How I build my hand crafted garden tools

I use traditional methods to create our hand crafted garden tools.
Tuli Fisher hammering metal outside for one of his hand crafted garden tools Long before the invention of electricity and modern machinery, skilled craftsmen worked the fires of the forge in the old world tradition of blacksmithing. Back then, everything was made well and made to last. Though it seems like a lost art, there are still a few craftsmen among us. At Fisher Blacksmithing, I take great pride not only in my hand crafted garden tools, but in carrying this tradition forward into the 21st century.

Tuli Fisher builds hand crafted garden tools in his forge heated to 1,800°FForging hand crafted garden tools at 1800°.

A 100 lb. Peter Wright London pattern anvil fitted with a few bottom swages (or hardies) is the workbench upon which my hand crafted garden tools are made. A variety of tongs, hammers, punches, and top tools (many of which I also hand forged) are used to take high carbon steel or salvaged material and turn it into functional works of art for your garden. Blacksmith’s tongs serve a similar purpose in my shop as the tongs in your kitchen or fireplace- for holding the hot items while working. I heat the steel in the 1,800 degree (Fahrenheit) heat of the forge. I use a 2 lb. rounding hammer, 2lb. cross peen, and 1lb. ball peen hammer to shape each piece of the hand crafted garden tools upon the anvil. I then employ a series of punches and top tools to stamp patterns, flowers, and my name into the hand crafted garden tools while they are still blazing hot. After the shapes for the blades of our hand crafted garden tools are cut out and stamped with my name, patterned, and forged into shape by hand I connect the individual pieces using solid steel rivets. I use a ball peen hammer to set the rivets while they are still hot from the fire. This creates a good long lasting joint. The tools are heated repeatedly while they are being built. Each tool requires about four heats before completion. After the final heat the tools are quenched in oil or water and are ready for the finishing work to begin.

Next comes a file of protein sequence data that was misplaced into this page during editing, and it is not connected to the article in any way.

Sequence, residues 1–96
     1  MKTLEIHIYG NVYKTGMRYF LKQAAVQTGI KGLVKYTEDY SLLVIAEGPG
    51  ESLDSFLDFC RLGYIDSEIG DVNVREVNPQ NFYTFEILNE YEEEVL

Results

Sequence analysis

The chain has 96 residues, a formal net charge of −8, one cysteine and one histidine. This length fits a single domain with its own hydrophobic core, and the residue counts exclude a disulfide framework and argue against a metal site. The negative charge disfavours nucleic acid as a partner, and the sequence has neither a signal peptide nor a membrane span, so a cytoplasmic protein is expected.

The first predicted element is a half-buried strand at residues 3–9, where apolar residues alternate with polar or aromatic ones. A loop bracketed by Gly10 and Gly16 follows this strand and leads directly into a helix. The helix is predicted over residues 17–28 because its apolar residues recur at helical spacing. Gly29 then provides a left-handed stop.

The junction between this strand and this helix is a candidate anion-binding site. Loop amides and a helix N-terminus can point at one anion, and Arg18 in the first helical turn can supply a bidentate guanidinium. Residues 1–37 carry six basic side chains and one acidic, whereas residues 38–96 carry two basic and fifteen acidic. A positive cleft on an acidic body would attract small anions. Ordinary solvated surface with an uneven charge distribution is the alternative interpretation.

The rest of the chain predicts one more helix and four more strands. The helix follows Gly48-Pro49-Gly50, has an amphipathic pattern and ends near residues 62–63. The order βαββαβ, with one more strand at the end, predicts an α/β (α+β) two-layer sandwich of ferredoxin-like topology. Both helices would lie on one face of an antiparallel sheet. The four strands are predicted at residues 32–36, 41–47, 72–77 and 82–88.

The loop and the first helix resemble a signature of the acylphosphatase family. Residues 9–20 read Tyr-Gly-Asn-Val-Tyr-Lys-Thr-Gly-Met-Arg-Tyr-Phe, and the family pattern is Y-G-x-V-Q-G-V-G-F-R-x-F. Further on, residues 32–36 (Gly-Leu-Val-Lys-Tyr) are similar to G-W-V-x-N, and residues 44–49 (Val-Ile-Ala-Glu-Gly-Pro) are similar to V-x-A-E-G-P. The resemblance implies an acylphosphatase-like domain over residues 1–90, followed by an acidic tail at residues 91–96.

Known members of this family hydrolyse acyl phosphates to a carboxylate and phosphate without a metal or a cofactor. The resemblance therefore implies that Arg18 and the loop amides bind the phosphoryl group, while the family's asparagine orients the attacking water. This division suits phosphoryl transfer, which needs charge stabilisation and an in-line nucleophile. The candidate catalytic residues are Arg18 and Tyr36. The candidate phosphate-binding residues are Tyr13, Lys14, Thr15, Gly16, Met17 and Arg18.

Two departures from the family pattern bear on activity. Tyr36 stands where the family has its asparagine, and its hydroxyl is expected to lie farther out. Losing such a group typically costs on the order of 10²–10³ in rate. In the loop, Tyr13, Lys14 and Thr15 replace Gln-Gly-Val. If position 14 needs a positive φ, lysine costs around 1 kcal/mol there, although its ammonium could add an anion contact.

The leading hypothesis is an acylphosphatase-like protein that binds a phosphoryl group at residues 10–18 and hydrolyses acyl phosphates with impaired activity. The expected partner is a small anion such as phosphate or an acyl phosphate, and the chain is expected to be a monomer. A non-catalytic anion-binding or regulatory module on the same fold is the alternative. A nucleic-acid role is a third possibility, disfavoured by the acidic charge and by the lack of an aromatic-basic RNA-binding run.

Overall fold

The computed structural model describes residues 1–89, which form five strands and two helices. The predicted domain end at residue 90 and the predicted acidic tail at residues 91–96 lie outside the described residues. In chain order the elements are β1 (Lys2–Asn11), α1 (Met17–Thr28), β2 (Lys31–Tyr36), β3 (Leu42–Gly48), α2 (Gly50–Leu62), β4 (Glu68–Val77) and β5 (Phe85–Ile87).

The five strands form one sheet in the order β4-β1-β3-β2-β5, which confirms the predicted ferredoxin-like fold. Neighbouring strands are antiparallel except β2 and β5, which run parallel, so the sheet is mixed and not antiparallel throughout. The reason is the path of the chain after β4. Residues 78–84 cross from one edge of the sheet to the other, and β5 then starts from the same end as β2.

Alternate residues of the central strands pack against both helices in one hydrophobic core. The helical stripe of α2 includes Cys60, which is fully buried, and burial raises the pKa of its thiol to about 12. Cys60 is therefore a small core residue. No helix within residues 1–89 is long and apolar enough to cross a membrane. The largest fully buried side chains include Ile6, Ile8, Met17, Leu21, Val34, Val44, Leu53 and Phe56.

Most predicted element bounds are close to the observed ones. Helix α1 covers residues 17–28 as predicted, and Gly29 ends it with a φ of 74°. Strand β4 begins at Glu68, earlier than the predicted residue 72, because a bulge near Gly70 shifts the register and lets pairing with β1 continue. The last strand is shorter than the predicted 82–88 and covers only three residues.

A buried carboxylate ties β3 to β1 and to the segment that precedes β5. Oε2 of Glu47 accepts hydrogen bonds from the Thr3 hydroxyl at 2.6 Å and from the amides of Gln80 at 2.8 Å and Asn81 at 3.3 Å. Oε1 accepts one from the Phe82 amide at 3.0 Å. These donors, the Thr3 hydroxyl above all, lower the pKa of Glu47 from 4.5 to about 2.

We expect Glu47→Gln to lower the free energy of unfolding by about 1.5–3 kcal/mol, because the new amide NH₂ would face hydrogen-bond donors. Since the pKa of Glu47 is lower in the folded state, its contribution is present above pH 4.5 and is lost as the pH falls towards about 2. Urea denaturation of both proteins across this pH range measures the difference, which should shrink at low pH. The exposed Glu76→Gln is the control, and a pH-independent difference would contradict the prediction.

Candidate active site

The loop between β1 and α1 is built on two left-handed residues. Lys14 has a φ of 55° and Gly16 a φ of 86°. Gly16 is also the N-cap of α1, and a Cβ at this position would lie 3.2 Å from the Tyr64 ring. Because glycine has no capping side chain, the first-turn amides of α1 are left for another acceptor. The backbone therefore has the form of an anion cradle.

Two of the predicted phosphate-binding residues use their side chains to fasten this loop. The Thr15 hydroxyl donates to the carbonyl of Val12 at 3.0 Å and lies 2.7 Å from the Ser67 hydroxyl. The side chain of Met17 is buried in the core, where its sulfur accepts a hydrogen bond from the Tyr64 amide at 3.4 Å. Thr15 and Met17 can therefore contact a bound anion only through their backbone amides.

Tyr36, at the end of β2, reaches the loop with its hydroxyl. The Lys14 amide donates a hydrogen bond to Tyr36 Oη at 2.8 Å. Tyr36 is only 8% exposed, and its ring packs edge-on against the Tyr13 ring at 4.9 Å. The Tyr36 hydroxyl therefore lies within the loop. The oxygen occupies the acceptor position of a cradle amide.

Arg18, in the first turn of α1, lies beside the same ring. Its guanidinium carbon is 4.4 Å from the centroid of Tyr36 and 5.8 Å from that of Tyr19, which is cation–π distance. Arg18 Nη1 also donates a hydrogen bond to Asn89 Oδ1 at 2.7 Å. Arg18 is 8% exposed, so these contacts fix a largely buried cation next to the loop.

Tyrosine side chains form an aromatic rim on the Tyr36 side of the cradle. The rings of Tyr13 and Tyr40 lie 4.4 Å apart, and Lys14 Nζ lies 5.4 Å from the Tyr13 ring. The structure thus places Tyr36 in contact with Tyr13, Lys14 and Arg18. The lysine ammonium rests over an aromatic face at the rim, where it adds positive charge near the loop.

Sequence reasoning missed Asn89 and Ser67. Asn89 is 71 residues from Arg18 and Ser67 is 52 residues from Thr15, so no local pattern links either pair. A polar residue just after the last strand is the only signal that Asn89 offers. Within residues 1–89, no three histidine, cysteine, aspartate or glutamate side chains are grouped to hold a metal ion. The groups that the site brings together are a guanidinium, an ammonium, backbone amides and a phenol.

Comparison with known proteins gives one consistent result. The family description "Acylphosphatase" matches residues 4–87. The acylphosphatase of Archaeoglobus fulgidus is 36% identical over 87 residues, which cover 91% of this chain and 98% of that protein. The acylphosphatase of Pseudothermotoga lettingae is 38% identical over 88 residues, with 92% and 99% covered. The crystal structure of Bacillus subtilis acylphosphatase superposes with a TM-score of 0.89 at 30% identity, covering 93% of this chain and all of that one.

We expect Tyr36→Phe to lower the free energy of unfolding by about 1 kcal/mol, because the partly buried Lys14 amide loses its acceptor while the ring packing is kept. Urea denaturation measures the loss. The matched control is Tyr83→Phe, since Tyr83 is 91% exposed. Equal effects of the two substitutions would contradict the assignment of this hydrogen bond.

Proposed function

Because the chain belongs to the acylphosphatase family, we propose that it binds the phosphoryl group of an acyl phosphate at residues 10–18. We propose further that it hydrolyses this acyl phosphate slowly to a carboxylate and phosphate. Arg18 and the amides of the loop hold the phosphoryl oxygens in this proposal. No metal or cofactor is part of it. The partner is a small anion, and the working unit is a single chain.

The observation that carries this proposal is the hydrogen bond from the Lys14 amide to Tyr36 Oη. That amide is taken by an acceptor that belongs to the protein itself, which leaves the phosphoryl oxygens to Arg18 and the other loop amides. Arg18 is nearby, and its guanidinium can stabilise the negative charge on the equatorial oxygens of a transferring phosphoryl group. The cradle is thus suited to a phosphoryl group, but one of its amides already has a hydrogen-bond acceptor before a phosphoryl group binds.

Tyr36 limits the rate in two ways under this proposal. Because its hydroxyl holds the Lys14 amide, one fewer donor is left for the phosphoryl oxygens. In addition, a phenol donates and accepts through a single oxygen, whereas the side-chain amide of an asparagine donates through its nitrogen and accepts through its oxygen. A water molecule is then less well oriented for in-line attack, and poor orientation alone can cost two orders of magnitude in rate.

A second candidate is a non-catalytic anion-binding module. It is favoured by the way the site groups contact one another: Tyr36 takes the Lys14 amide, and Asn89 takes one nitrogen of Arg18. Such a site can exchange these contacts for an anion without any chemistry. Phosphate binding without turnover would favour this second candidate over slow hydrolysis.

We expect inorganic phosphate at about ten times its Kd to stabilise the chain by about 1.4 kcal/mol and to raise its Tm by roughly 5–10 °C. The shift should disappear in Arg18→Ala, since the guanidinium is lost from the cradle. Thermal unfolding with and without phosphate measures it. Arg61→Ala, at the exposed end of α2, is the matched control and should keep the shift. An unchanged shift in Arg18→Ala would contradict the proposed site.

Fisher Blacksmithing five piece gardening set displayed on a wooden paletteBuilding sturdy handles for hand crafted garden tools.

Using a wood lathe, the handle is carefully turned by hand from American Black Walnut or another sturdy hardwood until it takes the shape of a sturdy handle offering a grip that has evolved over the years into what I have found is most comfortable. The handles are turned with a tenon on the end and bored with a pilot hole. They are then cross bored to make a hole to hold the leather tie for hanging. I forge the stem of each of my hand crafted garden tools down to a tapered point and then scorch the hole in the handle while it’s still hot. This creates a hole that is square and matches the shape of the tools. The tool is then driven down into the handle and the steel ring or ferrule on the end of each handle prevents splitting. As a craftsman, I am committed to using only the finest materials, and when possible, incorporating recycled materials into the final product. The leather ties that these hand crafted gardening tools hang from are made from leather scrap from a sandal maker in Texas. I collect sickle sections from area Montana ranches when they replace the sections in their sickle bar mowers. I take my commitment to providing a sustainably and consciously made product even further by incorporating reused sheet metal and rebar salvaged from the concrete industry when possible.

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